This admittedly Catholic way of looking at the problem, however, is one that engages multiple actors and not just the victims. In particular, the Bakhita House is part of a multi-pronged strategy that has not only the typical multi-stakeholders, but also some unique partners, including the police who are a technology partner for the House: not for eavesdropping, but for interviewing facilities that can be used by law enforcement in the relaxed atmosphere of the House to investigate the crimes and apprehend perpetrators where possible.

Additionally, the Centre for the Study of Modern Slavery (CSMS) at St Mary’s (Catholic) University is engaged with Bakhita House in independent research to provide evidence that informs policy responses to modern slavery and human trafficking both in the UK and internationally. Indeed, government responses continue to be hampered by key knowledge gaps.

Bakhita House also partners with Penningtons Manches LLP, a leading UK law firm. The firm supports Bakhita House with charitable donations and allows their staff to undertake pro bono work on behalf of Bakhita House and the women the House serves.

Bakhita House also attracts dozens of community volunteers to help with everything from facilities upkeep to building friendships with the guests.

And finally, for the long term, the Bakhita House initiative recognizes that the problem will only be solved through education and public awareness – impacting children, employers, consumers, hiring practices, etc. Therefore, their ongoing campaigns and programmes are being designed with social media, events, and advocacy efforts direct to decision-makers.

Bakhita House is an example of multi-stakeholder action. From my brief description of Bakhita House, think of the following three questions which will guide all our conversations this morning:

  1. 1. How is the initiative unlocking additional resources, innovation or increasing scale through a multi-stakeholder approach?
  2. 2. What other actors (civil society, governments, business, investors, experts) must be engaged to further boost impact and take the initiatives to the next level?
  3. 3. As you look across the issue of human trafficking, what dots need to be better connected among the various players? Is there a game changer missing?

Keep these three questions in mind as you listen to opening remarks by Shaykh Abdallah bin Bayyah, President, Forum for Promoting Peace in Muslim Societies. Shaykh bin Bayyah is assisted with translation by Shaykh Hamsa Yusuf, President, Zaytuna College.

Following Shaykh bin Bayyah we’ll have the opportunity to hear briefly from four distinguish panelists, after which we’ll break into discussion groups and finish by coming back together to give input on main ideas for advancing work on eradicating human trafficking. Our four panelists are:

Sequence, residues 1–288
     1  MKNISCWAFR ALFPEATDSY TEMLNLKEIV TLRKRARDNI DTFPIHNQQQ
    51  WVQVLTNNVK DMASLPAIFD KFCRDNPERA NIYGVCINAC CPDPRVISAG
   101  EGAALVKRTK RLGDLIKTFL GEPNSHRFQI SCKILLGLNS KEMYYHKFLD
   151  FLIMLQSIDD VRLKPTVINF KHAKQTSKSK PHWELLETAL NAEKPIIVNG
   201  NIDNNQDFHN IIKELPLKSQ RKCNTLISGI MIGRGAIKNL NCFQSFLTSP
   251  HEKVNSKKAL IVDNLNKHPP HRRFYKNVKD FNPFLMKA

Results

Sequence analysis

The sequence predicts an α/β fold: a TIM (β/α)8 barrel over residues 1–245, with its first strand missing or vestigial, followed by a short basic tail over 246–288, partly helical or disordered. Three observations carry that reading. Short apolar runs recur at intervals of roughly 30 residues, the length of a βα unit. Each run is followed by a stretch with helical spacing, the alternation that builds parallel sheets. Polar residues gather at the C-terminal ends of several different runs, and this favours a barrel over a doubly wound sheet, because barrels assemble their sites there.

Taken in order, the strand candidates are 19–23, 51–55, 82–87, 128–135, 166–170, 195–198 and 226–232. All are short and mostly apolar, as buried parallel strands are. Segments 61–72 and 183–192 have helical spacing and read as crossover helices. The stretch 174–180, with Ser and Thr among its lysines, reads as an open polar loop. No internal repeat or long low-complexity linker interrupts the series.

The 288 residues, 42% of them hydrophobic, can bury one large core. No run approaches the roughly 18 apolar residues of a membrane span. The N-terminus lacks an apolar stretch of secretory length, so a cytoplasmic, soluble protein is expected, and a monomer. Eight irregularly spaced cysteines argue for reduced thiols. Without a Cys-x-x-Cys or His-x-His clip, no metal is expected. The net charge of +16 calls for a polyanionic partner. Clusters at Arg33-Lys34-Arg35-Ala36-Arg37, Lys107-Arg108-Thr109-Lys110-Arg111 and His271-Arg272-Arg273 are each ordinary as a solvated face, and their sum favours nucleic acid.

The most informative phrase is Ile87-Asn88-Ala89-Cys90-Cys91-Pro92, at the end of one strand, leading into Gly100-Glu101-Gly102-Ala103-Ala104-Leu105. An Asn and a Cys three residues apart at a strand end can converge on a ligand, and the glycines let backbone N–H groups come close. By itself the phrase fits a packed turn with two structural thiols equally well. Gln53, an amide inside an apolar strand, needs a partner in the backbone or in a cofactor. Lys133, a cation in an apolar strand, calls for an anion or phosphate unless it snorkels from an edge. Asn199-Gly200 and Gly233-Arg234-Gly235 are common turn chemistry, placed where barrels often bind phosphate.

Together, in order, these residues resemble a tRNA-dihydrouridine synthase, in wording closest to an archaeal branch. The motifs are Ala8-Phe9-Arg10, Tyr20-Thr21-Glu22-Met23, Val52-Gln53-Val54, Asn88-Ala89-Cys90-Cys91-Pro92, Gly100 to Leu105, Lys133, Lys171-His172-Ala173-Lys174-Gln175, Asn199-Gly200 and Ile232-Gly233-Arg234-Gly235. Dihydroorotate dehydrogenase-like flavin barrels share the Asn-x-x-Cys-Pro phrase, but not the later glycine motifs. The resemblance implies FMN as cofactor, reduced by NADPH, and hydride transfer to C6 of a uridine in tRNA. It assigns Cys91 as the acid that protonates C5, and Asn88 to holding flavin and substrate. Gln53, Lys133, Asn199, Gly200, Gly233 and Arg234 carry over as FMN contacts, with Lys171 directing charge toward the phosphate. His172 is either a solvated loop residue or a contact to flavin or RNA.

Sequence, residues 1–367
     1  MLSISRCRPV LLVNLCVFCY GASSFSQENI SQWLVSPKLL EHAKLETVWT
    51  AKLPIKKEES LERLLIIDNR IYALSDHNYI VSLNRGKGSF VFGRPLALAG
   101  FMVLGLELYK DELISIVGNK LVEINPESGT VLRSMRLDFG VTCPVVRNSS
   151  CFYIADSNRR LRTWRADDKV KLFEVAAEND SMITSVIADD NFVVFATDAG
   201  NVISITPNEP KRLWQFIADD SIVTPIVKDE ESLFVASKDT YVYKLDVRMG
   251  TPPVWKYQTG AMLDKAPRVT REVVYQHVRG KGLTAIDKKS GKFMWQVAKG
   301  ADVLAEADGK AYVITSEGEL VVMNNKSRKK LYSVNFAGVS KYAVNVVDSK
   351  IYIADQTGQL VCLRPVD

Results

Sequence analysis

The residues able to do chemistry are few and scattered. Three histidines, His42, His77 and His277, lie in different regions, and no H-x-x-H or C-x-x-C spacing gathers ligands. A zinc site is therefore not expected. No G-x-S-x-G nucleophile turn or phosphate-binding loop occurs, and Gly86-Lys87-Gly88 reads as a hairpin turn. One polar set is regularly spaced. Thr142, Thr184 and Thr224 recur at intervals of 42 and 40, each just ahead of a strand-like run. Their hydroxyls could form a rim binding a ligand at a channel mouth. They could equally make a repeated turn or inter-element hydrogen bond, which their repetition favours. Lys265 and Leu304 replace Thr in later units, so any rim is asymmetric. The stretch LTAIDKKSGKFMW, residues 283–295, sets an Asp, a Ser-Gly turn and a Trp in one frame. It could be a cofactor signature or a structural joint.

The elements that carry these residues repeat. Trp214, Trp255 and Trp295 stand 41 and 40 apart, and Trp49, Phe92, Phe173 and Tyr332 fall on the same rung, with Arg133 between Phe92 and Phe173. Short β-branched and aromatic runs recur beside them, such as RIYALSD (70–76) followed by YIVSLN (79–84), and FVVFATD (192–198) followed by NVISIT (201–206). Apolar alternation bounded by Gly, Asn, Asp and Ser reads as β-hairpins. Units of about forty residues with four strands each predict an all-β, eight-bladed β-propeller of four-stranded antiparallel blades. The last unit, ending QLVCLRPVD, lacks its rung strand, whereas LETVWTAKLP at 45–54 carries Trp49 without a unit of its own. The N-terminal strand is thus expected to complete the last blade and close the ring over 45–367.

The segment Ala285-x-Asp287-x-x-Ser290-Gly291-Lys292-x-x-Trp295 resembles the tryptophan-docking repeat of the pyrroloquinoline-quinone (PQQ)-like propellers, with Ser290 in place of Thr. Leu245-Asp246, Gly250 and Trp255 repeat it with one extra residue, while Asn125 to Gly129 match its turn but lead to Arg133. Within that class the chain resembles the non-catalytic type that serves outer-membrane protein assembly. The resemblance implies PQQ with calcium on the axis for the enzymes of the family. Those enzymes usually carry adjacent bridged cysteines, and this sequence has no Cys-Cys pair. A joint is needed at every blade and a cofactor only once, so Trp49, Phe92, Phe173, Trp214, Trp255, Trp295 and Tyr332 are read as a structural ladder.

• — Agnes R. M. ABUOM is the Moderator-President of the World Council of Churches Central Committee. She also represents the Anglican Church of Kenya.
  • — Jeanne Bourgault, President, Internews, responsible for overall strategic management of the organization and its programmes in 49 countries around the world.
  • — Rob Leslie, CEO and founder of Sedicii, which allows the secure authentication of individuals, using a novel technology called zero knowledge proof, where identity can be proven without exposing or sharing private data.
  • — Robert Wilson-Black, Chief Executive Officer, Sojourners, with many years experience in higher education as well as in developing next-generation socially responsible investing.

Join us in Washington DC 5th Oct: The Business Case for Religious Freedom

30 Sep, 2017

This year, the JRCLS Religious Liberty Day will feature two new religious liberty panel discussions starting at 4:00 p.m. and ending at 6:30 p.m. at the Mayflower Hotel on 5th Oct.

The first panel at 4:00 p.m. will address the economic impact of religious liberty, as well as diversity training for business leaders interested in promoting religious diversity in the workplace. This panel will feature Brian Grim, Nathan Walker, Debbie Marriott Harris, and Paul Lambert.

The second panel at 5:20 p.m. will address promoting religious liberty within your personal sphere of influence, and provide updates on religious liberty legislative initiatives. This panel will feature Tim Schultz, Montse Alvarado, Elder Keetch, and Thomas F. Farr. These panels will be open to the public and free of charge. See more details and bios below.

7pm Awards dinner for Baroness Elizabeth Berridge requires registration.

Economy Panel (Intro by Brian Grim)

One year ago, my daughter and I published a groundbreaking study on the $1.2 trillion U.S. religion economy that not only has been made into an award-winning short film but was also covered by scores of news outlets including the Washington Post, Fox Business News, NPR, BBC, Business Daily, etc.